Stealing Secrets, Being Ultra.


The German Encoding Enigma Machine used in the war to send top secret information


The Enigma machine & it counterbalance was a secret during the war and its story faded into obscurity. Designed by the Germans after world war 1, the machine designed liked a typewriter sent coded messages from one machine to another. It worked by the operator typed in a message then the machine scrambled the letters by means of notched rotors, which could produce billions of combinations. The only means to decode was by another enigma machine. The original inventor, Arthur Scherbius, was hopeful it would have a commercial value; the German high command realised its value and by 1928 the German navy had its own version, followed by the German army in 1933. Confident they were a secure way of sending secure information the Germans used the machine for for top secret messages.

In 1931 the allies became aware of the machine but cryptologists could not crack the code. In the years 1933-1938 the Germans were unaware that the Polish Cipher Bureau had unlocked the machine and even built copies. This information they shared with the British government in 1939 just prior to the invasion of Poland.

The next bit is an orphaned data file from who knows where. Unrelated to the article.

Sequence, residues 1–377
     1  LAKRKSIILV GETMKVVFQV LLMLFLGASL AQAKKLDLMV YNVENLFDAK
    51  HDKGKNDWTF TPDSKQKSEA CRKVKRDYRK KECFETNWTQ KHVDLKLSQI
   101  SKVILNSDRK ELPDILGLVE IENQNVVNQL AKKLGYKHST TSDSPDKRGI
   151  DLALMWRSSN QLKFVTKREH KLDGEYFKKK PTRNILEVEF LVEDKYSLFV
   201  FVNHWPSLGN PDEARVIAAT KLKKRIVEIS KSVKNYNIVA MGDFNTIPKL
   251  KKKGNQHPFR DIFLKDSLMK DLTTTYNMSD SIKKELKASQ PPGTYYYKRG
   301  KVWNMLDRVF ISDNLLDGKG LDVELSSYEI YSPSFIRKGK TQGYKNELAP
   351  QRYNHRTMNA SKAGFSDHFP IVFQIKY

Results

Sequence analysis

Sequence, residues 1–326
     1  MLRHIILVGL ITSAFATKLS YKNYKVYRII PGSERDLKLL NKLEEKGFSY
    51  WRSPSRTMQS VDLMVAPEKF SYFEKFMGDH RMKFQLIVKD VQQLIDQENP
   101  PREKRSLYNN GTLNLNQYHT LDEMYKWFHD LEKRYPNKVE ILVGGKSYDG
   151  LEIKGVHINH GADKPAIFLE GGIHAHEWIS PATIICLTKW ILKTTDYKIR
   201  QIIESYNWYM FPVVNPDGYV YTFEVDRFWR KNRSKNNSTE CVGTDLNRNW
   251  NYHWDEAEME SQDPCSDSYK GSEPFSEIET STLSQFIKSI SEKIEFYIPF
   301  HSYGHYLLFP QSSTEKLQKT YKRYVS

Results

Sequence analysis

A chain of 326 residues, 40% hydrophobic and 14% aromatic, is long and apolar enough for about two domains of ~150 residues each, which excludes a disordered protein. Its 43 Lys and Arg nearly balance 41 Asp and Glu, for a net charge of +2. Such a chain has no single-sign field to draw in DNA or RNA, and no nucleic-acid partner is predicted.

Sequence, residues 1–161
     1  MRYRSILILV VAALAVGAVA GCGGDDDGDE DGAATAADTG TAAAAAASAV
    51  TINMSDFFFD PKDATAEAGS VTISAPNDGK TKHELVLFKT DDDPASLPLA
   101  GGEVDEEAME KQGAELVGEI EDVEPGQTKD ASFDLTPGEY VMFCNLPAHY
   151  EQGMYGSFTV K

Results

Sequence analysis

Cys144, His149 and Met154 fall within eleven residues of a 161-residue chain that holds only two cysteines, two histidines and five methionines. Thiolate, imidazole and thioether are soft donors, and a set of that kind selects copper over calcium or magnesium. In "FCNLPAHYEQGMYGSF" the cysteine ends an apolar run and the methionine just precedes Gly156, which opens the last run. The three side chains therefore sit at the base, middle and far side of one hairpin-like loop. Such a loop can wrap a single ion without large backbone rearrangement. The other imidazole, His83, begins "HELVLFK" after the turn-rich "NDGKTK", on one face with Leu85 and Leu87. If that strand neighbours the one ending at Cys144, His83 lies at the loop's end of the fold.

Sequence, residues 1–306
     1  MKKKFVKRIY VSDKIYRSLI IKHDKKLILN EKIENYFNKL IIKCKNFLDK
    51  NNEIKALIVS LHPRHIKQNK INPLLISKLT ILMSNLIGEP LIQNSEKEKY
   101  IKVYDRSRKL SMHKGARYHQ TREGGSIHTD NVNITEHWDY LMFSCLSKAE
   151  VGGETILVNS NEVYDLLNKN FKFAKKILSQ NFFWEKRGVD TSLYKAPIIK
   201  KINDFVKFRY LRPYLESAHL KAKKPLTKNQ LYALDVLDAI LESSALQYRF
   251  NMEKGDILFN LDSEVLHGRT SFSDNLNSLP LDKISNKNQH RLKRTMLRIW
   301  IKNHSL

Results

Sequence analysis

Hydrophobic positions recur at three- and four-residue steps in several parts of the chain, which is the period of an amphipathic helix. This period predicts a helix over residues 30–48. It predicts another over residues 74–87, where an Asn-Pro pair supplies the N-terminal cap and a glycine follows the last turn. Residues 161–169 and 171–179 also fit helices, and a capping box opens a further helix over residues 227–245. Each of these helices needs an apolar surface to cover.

Bletchley park became the cipher school and center and it is here that top mathematicians and problem solvers came together to work on the enigma messages. They built ‘bombes’ huge computers, including the Colossus, to manage the huge output of enigma settings. Alan Turing was one of the mathematicians. Ultra was the term given to any intelligence  gained from an Enigma message.

The excellent film released in 2014 starring Benedict Cumberbatch, The Imitation Game; reminded people of the work that went on behind the scenes, the unsung heros but they took quite a bit of movie license in the making.

Other films has mentioned the Enigma have included U-571 (2000)that whilst being popular in the States was not well received by the British as it was the British Navy in 1941 who captured the first Enigma Machine. Again do not learn your history from films, it reflects its own messages not necessarily the truth.